SQL to select Desc./Names by, _

                            Label for Code in frmPrompt, _

                            Label for Description in frmPrompt, _

                            Connection string, _

                            Connection Object, _

                            Popup(frmPrompt) is allowed flag)

               

                    

    End Select

 

ErrHandler:

   

    If Err.Number <> 0 Then MsgBox _

        “Cust_Edit – Error#” & Err.Number & vbCrLf & _

        Err.Description, vbCritical, “Error”, Err.HelpFile, Err.HelpContext

    On Error GoTo 0

 

End Function

 

 

 

 

 

Case Is = “Products”    ‘Access Example

    ‘Step 1 – Look for Code’s Description in validated entries

     v = XL_Lookup(Range(“Data”), “Name”, “Code”, rngCell)

     If v > “” Then v = “””” & rngCell.Text & “””, “”” & v & “”””

   

   ‘Step 2 – If not in worksheets, look in database

    If Left(rngCell.Text, 1) = “?” Or IsNull(v) Or IsEmpty(v) Then

        sCode = “[Product Code]“

        sDesc = “[Product Name]“

        sTable = “Products”

        sSQL = _

            “Select  Top 100 ” & sCode & “, ” & sDesc & ” ” & vbCr & _

            “From    ” & sTable & ” ” & vbCr

        sSQLCode = sSQL & _

            “Where    uCase(” & sCode & “) like ‘?%’ ” & vbCr & _

            “Order by ” & sCode & ” “

        sSQLDesc = sSQL & _

            “Where    uCase(” & sDesc & “) like ‘%?%’ ” & vbCr & _

            “Order by ” & sDesc & ” “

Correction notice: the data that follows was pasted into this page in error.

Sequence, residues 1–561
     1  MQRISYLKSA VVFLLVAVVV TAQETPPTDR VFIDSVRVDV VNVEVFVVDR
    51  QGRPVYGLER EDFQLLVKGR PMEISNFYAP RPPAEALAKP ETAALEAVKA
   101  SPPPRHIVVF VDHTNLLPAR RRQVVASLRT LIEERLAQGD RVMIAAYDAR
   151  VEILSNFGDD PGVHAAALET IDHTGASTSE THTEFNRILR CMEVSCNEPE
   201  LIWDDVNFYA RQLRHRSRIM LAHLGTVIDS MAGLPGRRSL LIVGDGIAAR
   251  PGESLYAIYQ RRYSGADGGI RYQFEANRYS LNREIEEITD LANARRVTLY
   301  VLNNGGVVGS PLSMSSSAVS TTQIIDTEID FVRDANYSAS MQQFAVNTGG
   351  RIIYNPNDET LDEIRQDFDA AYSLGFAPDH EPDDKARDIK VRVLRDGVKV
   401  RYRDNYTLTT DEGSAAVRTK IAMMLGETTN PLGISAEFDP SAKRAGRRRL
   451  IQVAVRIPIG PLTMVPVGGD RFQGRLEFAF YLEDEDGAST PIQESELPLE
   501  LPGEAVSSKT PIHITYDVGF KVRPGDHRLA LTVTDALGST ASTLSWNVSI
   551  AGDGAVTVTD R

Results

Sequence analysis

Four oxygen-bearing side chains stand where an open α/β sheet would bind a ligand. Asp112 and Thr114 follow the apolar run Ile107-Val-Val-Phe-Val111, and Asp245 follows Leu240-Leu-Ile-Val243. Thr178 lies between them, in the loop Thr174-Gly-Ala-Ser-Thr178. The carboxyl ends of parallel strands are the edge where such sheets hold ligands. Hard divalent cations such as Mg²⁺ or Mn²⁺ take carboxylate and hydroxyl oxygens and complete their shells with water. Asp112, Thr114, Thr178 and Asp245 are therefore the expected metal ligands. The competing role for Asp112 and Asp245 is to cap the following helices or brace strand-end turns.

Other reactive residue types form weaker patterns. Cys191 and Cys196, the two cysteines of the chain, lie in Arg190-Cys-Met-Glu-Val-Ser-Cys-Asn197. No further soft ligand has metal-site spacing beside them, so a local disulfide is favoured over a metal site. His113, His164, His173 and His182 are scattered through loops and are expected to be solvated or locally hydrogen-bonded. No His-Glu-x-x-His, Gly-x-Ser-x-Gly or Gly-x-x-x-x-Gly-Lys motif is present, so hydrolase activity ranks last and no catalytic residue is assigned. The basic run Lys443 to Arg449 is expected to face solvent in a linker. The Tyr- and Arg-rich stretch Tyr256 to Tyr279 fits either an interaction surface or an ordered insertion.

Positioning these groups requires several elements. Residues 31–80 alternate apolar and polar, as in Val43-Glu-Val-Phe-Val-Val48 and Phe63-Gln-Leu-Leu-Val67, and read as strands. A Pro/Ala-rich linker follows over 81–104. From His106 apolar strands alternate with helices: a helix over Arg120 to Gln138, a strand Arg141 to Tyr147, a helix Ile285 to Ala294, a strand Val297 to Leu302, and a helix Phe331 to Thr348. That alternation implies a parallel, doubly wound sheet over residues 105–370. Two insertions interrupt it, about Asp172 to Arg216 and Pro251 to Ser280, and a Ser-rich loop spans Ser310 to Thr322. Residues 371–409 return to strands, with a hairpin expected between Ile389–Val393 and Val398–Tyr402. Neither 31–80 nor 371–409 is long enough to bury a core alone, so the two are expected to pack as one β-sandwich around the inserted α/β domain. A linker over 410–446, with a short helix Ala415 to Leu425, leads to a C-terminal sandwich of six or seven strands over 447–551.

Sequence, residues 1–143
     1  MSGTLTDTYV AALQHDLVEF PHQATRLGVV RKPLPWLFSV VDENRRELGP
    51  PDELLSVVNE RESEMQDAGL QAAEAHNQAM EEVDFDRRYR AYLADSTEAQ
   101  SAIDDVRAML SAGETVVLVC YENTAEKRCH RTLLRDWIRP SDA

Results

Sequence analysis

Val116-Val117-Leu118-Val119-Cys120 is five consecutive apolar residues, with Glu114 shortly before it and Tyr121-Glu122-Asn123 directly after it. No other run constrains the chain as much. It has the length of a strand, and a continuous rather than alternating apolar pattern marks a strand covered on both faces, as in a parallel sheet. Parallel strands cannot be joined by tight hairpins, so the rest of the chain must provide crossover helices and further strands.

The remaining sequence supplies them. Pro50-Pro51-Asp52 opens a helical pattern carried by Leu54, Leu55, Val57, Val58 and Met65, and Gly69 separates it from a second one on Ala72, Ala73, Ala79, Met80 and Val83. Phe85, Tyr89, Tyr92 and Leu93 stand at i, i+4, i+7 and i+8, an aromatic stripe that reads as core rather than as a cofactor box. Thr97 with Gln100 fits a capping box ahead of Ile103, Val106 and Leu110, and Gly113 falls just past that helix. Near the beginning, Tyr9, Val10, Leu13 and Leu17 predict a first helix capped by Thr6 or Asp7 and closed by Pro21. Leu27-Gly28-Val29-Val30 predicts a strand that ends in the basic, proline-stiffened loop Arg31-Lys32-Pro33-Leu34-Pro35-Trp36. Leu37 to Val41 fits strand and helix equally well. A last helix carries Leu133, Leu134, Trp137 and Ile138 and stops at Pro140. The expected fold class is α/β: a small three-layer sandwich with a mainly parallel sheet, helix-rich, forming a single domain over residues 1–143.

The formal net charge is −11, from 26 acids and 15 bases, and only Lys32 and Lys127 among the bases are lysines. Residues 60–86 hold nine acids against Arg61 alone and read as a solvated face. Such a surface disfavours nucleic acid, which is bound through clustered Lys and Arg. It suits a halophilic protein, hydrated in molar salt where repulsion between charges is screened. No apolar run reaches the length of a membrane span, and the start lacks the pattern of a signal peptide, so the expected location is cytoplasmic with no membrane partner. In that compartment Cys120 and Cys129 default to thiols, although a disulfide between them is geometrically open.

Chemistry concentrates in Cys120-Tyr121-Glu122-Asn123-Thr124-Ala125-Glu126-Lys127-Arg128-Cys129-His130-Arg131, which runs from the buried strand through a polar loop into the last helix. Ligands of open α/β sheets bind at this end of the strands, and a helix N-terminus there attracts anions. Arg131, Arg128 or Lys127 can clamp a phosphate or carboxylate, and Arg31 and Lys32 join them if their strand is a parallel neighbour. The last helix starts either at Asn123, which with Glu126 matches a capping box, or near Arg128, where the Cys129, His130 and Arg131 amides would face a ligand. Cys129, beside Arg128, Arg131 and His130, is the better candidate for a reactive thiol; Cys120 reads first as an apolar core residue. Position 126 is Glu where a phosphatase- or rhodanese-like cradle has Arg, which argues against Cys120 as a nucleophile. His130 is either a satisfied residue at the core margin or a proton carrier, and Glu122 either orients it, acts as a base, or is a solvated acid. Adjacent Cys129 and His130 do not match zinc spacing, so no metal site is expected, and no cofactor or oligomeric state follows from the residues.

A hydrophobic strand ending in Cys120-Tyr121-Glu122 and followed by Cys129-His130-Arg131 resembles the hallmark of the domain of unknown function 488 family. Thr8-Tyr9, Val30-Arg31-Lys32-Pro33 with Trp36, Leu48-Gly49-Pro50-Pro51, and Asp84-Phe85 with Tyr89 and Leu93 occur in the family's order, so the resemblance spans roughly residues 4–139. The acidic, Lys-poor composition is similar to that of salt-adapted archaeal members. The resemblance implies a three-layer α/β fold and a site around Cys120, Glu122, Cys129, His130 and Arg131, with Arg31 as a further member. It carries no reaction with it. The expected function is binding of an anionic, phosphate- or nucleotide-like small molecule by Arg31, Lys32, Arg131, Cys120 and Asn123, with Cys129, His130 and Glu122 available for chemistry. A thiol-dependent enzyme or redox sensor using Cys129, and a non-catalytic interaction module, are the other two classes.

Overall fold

v = DB_Lookup(rngCell.Text, sSQLCode, sSQLDesc, _

                      “Code”, “Name”, bUsePopUp, sConnect, cn)

    End If

    If Not IsNull(v) And Not IsEmpty(v) Then Cust_Edit = v

       

Case Is = “CUSTMAST”    ‘DB2 Example

    ‘Step 1 – Look for Code’s Description in validated entries

     v = XL_Lookup(Range(“Data”), “Name”, “Code”, rngCell)

     If v > “” Then v = “””” & rngCell.Text & “””, “”” & v & “”””

   

   ‘Step 2 – If not in worksheets, look in database

    If Left(rngCell.Text, 1) = “?” Or IsNull(v) Or IsEmpty(v) Then

        sCode = “CUCODE”

        sDesc = “CUNAME”

        sTable = “CUSTMAST”

        sSQL = _

            “Select  ” & sCode & “, ” & sDesc & ” ” & vbCr & _

            “From    ” & sTable & ” ” & vbCr

        sSQLCode = sSQL & _

            “Where    uCase(” & sCode & “) like ‘?%’ ” & vbCr & _

            “Order by ” & sCode & ” ” & vbCr & _

            “Fetch First 100 Rows Only “

        sSQLDesc = sSQL & _

            “Where    uCase(” & sDesc & “) like ‘%?%’ ” & vbCr & _

            “Order by ” & sDesc & ” ” & vbCr & _

            “Fetch First 100 Rows Only “

        v = DB_Lookup(rngCell.Text, sSQLCode, sSQLDesc, _

                      “Code”, “Name”, bUsePopUp, sConnect, cn)

    End If

    If Not IsNull(v) And Not IsEmpty(v) Then Cust_Edit = v